During a recent special called Baldwin County Board of Education work session, Baldwin County Schools Academic Dean Joyce Woodburn laid out an academic plan for the board members comprised of four …
During a recent special called Baldwin County Board of Education work session, Baldwin County Schools Academic Dean Joyce Woodburn laid out an academic plan for the board members comprised of four major components.
Woodburn told the board she would like to see the board continue the system’s K-6 Scholastic Reading Initiative and expand it to all K-6 schools throughout the county.
Currently, the guided reading program associated with the initiative has only been rolled out to the Tier II schools in the district, schools whose reading rate was 33 percent or less. Woodburn said the initiative has shown great success in those schools just in the short time it has been implemented.
“Baldwin County had 11 Tier II schools,” Woodburn said. “Already, 10 of our 11 schools are basically out of Tier II because of guided reading and ARI intervention. We’re absolutely convinced this is a program that works, and we’d like to bring it to more schools across the county.”
Woodburn said guided reading was a way to reach troubled readers.
“The difference in guided reading is it meets the kids at the level they are at and gives them choice as to what to read,” Woodburn said. “Because they can choose, they get hooked and their reading levels have been shown to go up.”
Woodburn said six of Baldwin County’s schools were in the top 20 for most improvement following the institution of the program.
“We have people from the state level asking what we are doing in Baldwin County and trying to find ways to replicate it,” Woodburn said.
Silverhill Elementary was No. 3 in the state in improvement, exceeding their reading goal by 130 percent. Some other top performers included Elsanor’s 110 percent over goal, Elberta Elementary’s 92 percent level and Summerdale School and Swift School’s 91 percent goal level.
The cost to continue the K-6 Scholastic Reading Initiative, including training in guided reading for 81 additional teachers, would be $469,115.24.
Some board members questioned putting all of the system’s eggs in one basket with just that program, but Woodburn said the program could easily be modified if any issues arose.
“If it’s not working, we’ll tweak it,” Woodburn said. “We can’t keep throwing programs out the window. We need to be able to pick a program and stick with it for a minimum of five years.”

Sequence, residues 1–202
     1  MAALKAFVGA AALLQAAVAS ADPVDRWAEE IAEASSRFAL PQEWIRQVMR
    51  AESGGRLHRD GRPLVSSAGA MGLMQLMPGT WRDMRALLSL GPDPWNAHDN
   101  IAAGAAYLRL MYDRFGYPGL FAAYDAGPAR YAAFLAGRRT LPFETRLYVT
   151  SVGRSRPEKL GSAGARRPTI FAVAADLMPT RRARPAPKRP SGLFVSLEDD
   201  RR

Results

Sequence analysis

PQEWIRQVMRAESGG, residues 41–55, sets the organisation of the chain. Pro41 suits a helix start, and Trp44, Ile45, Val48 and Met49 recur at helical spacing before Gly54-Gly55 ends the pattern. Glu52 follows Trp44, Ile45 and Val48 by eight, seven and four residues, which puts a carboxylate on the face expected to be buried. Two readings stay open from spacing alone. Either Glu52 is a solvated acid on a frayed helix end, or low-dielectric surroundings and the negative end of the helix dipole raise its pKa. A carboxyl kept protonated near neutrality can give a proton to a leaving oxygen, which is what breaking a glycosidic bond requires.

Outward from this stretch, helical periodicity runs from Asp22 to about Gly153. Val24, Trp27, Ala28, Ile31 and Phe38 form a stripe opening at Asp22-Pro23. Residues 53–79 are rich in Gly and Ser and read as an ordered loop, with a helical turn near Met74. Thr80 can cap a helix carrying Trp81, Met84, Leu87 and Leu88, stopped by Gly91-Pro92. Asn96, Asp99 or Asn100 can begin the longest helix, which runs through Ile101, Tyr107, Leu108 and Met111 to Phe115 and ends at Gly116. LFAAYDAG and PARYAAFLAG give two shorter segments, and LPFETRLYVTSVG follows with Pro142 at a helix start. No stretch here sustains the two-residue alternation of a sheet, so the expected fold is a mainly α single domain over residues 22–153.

The next component drew some questions from the board, as Woodburn proposed a curriculum leader for each middle and high school feeder pattern in the county.
“This would be a person who will go into the classrooms, co-teach with teachers, introduce new instructional strategies and be on top of academic achievement at each school,” Woodburn said.
To launch that component, Woodburn said they would be asking the board to reclassify the ITS positions created under the Digital Renaissance initiative and morph it into the curriculum leader position, adding a new position for the newly created Elberta High feeder pattern at $73,991.51.
BCBE President Shannon Cauley had some reservations about modifying the positions.
“Do all of our ITS people know how to teach that curriculum?” Cauley asked. “When we’re talking about cutting positions and creating new positions, that means everyone has to be pink slipped and possibly rehired. I hate to think about people who maybe aren’t qualified for these new positions and have to go somewhere different. I’m not opposed to this, but it’s just one of the uncomfortable things we have to figure out.”
Woodburn said tenured ITS employees that were not qualified for the new curriculum leader positions would likely be transferred into new positions back in the classrooms.
The proposed academic plan budget also proposed eMints training for the eight curriculum leaders, at a cost of $44,000, and a new analytics platform for compiling and reviewing data that would cost $113,000 annually.
Board member David Tarwater said he felt the citizens should be made aware of what the costs are for the academics they claim to want prioritized by the system.
“Our citizens need to pay for this if they want better schools,” Tarwater said. “We’re piecemealing it right now. If anything, I fear we’re not doing enough to make enough of a difference.”
The board said they would continue to study the proposals and possibly vote on the parts of the academic plan at an upcoming board meeting.